US navy chief says US forces will keep operating in the South China Sea

US Navy fighters fly in formation over the aircraft carrier John C. Stennis as it sails in the Philippine Sea, on June 18, 2016.
US Navy fighters fly in formation over the aircraft carrier John C. Stennis as it sails in the Philippine Sea, on June 18, 2016. PHOTO: AFP/US NAVY

BEIJING (Reuters) - United States military forces will continue to operate in the South China Sea in accordance with international law, US Chief of Naval Operations John Richardson said on Wednesday (July 20) during a visit to a Chinese naval base.

Meeting commander of the Chinese North Sea Fleet Yuan Yubai, Admiral Richardson "underscored the importance of lawful and safe operations in the South China and elsewhere professional navies operate", the US Navy said.

US forces would keep sailing, flying and operating wherever international law allows, Adm Richardson added. "The US Navy will continue to conduct routine and lawful operations around the world, including in the South China Sea, in order to protect the rights, freedoms and lawful uses of sea and airspace guaranteed to all. This will not change."

Adm Richardson said he was supporting of the deepening of relations between the two navies. "But I will be continuously reassessing my support conditioned on continued safe and professional interactions at sea. In this area we must judge each other by our deeds and actions, not just by our words," he added.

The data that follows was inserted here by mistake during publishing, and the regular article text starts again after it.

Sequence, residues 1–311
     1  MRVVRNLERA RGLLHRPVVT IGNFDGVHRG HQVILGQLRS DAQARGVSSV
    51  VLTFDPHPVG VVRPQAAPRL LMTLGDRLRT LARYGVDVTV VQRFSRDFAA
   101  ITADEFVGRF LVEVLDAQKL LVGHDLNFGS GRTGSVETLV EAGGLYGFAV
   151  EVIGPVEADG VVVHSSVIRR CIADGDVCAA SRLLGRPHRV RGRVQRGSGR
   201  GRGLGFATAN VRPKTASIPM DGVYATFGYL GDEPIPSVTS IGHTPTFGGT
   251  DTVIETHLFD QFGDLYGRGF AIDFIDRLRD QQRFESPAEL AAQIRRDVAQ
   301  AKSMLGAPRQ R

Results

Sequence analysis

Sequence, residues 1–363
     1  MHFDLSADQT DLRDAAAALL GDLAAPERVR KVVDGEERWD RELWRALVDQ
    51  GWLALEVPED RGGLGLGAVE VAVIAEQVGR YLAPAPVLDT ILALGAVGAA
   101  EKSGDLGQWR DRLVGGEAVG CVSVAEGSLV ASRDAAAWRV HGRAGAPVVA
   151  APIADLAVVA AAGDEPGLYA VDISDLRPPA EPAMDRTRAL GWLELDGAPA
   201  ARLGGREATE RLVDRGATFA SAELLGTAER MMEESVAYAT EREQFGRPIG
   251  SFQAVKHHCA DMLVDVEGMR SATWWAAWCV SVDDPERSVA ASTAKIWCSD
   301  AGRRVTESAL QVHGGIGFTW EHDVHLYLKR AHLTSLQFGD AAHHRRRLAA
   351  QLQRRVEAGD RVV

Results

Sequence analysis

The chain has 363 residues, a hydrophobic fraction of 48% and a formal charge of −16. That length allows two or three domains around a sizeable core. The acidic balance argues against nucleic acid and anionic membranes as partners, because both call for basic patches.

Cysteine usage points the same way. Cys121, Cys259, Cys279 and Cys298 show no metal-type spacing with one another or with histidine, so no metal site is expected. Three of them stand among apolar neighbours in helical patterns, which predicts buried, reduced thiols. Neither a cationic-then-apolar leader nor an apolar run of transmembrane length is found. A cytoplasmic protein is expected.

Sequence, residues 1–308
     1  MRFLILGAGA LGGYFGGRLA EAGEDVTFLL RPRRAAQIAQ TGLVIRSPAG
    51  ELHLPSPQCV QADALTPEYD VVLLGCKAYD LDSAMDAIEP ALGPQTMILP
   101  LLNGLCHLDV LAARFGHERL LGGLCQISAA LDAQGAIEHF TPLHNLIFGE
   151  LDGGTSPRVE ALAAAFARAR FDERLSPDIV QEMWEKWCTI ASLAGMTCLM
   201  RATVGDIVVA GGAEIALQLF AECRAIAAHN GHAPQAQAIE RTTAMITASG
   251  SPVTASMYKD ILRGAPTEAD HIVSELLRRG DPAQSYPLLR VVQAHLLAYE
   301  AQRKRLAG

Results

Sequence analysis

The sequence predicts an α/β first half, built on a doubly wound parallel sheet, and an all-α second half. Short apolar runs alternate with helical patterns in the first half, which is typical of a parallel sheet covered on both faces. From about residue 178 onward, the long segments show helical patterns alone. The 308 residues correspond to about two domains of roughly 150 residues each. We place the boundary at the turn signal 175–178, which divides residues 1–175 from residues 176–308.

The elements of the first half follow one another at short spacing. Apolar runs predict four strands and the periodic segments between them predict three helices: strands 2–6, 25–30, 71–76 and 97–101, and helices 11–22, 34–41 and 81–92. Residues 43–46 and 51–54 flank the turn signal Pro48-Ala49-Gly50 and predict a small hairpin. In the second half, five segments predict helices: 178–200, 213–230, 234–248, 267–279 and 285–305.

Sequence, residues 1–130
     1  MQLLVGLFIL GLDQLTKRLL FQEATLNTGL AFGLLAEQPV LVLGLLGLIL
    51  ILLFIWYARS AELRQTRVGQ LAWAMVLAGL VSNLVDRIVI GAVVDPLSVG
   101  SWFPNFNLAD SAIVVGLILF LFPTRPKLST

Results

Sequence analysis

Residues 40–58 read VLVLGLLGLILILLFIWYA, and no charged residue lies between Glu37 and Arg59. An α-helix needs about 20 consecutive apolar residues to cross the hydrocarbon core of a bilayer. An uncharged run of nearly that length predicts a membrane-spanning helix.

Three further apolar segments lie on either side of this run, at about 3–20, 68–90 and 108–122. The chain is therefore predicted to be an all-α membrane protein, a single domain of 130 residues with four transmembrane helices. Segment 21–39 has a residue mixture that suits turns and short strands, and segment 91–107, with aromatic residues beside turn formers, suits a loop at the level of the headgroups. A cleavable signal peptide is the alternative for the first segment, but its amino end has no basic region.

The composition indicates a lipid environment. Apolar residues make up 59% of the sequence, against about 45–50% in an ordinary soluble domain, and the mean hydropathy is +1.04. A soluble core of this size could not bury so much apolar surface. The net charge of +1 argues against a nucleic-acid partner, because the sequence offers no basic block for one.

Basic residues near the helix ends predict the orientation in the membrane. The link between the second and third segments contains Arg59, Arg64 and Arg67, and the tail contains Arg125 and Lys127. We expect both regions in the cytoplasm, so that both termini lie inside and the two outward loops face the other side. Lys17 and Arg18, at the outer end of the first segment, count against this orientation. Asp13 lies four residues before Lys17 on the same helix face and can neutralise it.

Speaking in Sydney on Wednesday, US Vice-President Joe Biden assured key ally Australia there would be no retreat from Washington's pivot to the Asia-Pacific region, regardless of who wins November's presidential election.

China has refused to recognise a ruling by an arbitration court in The Hague that invalidated its vast territorial claims in the South China Sea and did not take part in the proceedings brought by the Philippines.

China has repeatedly blamed the United States for stirring up trouble in the South China Sea, a strategic waterway through which more than US$5 trillion of trade moves annually.

China, Brunei, Malaysia, the Philippines, Taiwan and Vietnam all have rival claims, of which China's is the largest.

The United States has conducted freedom of navigation patrols close to Chinese-held islands, to Beijing's anger, while China has been bolstering its military presence there.

The United States has complained that Chinese aircraft and ships have performed "unsafe" manoeuvres while shadowing US ships and planes, particularly in the South China Sea.